A boost for local wood industry
Tough times for wood and timber
By TOM KANE
HAWLEY, PA The Delaware-Highlands Conservancy (DHC) has produced a brochure that serves as a guide to available wood and forestry resources in Pike and Wayne Pennsylvania counties and New Yorks Sullivan County.
The guide was presented to the Wayne County Commissioners at their meeting on August 27 by Carson Helfrich, chairman of the DHC. It comes at a time when the industry can use a boost.
The publication, called Shop Local Save Land A Guide to Wood Products, presents a lengthy list of many local companies that are working in the wood business like saw mills, consulting foresters, framing lumber mills, wood furnishings, cabinetry and many other related businesses. The 16-page publication is being circulated to residents and businesses by chambers of commerce and other civic groups as a mechanism to increase awareness of the locally produced goods and services.
It is a companion piece to an earlier publication called Shop Local Save Land a Guide to Farms and Farm Markets in Monroe, Pike and Wayne counties.
This is a wonderful product because it encourages local people to buy from local businesses, said Dan Droppa, owner of the Aldenville Log and Lumber Company in Prompton, PA. We could go out of the area and get a better price but we lose something by not helping our neighbors.
The publication is much needed since the downturn of the nations economy has touched so many businesses ,like the lumber industry, he said. Aldenville Log and Lumber produces a full range of wood and timber products, from two-by-four inch wood beams to finished hardwood.
We are experiencing a drastic reduction of construction and building all over the country and in our area as well, Droppa said. Ive been in this business for 15 years and I have seen nothing like it. He expressed pessimism for any improvement in the business until the fall of 2010.
But the pamphlets producers are hoping that it can hasten the recovery. We had so much success with the first publication aimed at the farming industry that we decided to do a similar thing for the wood and timber industry, Helfrich said.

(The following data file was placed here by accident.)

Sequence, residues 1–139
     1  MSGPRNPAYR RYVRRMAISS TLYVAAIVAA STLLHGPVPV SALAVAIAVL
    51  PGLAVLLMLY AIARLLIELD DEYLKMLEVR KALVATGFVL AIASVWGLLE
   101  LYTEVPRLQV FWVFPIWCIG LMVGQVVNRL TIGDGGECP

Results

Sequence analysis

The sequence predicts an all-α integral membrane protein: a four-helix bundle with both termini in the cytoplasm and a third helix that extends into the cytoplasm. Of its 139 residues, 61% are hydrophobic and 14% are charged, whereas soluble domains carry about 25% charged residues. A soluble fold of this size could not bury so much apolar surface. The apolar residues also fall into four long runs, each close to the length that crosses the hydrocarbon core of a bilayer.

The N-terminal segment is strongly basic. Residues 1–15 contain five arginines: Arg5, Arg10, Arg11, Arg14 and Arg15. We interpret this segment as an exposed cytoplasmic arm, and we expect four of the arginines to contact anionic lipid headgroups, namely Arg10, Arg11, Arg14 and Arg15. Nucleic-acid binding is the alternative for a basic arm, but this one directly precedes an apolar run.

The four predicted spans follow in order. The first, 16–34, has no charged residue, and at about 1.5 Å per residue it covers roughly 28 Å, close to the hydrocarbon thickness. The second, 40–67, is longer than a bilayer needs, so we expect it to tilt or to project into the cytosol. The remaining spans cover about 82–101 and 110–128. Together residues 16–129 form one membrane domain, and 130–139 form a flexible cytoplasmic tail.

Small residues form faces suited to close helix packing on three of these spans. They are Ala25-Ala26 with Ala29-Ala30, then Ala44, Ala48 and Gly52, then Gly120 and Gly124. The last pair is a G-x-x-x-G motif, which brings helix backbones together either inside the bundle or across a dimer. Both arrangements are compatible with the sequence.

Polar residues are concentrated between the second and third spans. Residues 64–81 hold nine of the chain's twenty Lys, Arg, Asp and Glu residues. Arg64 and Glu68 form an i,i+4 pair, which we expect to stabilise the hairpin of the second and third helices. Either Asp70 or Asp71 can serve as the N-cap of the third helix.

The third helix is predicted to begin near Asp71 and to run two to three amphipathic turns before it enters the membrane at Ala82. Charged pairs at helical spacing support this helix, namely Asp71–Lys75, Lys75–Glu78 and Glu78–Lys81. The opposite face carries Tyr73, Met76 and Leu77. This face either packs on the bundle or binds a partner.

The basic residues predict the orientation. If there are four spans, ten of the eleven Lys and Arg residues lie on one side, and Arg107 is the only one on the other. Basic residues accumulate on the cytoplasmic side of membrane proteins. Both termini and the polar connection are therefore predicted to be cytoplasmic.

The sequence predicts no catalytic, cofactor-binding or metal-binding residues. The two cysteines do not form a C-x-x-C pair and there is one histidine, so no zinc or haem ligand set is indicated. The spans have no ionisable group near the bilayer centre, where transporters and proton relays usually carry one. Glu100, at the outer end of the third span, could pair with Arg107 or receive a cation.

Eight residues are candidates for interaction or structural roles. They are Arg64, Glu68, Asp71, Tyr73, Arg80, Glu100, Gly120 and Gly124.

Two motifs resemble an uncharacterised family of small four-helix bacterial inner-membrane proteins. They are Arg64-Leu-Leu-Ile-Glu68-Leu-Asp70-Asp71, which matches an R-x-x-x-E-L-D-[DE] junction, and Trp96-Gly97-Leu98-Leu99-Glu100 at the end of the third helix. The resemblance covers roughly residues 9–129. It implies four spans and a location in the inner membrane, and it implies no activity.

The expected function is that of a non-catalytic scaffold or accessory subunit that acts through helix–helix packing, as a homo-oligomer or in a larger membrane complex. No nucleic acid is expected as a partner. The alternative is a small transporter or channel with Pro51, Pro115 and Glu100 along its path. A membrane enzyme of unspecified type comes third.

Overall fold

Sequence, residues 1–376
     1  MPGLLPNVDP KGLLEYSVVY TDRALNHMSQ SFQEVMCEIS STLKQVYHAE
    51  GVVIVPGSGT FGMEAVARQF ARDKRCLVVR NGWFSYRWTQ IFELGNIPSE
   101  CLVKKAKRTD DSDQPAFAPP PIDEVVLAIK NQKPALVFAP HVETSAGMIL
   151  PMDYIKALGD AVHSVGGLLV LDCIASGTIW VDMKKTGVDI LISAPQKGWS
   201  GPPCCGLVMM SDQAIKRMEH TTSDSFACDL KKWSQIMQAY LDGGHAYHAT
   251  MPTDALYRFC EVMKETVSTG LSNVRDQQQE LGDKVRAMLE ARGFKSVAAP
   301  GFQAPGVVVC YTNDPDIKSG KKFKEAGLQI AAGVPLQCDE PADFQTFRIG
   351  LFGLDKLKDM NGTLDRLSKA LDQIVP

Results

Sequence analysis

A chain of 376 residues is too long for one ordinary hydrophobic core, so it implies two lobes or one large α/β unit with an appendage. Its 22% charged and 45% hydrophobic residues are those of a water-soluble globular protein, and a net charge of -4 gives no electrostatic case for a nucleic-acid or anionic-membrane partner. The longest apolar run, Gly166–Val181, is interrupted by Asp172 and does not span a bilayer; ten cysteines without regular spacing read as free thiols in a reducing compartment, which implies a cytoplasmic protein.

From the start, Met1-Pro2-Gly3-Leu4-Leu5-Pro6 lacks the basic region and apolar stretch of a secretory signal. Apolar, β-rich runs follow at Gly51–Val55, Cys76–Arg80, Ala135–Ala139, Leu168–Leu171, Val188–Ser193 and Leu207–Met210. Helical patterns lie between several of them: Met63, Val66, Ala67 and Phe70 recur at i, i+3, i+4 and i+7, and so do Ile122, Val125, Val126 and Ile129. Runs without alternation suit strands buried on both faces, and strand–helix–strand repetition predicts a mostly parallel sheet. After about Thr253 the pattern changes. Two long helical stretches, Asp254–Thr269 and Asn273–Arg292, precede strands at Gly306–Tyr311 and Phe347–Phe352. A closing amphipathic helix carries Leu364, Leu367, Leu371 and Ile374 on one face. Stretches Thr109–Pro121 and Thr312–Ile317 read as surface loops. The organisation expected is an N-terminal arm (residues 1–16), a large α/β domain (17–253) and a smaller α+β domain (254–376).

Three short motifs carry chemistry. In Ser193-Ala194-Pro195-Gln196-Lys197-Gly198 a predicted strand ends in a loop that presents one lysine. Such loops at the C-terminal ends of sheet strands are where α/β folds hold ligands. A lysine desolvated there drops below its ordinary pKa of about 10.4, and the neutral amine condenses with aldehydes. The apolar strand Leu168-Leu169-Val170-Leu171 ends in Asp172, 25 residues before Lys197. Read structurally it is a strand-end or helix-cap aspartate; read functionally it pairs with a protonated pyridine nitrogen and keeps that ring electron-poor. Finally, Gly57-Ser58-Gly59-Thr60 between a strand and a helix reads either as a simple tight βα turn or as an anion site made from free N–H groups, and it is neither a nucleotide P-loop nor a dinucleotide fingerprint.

Today, Pennsylvania ranks first in the nation for hardwood production. About 75 percent of the states forested acres are owned by private, non-industrial landowners, Helfrich said.
DHC is a local land trust working with willing landowners to protect the natural and cultural heritage of the Upper Delaware River watershed.
The conservancy is intimately attuned to the connection between the conservation and sustainability of private forest lands and their economic viability, Helfrich said. This guide will play a strong economic development role in the area.
During challenging economic times, like the present, the potential is high for local forest businesses and private forest landowners to make land-use decisions that would ultimately change our regions forested landscape, he said.
Wayne County Commissioner Tony Herzog agreed, and said, This guide has a clear role to play in the kind of economic development activity we need in the county.
The publication was supported by the John and Helen Villaume Foundation, the Pike County Conservation District and the Pike County Scenic Rural Character Preservation Board.
The brochure can be obtained from local chambers of commerce, public libraries and other distribution centers and is available on line. For more information visit www.delawarehighlands.org or call 570/226-3164.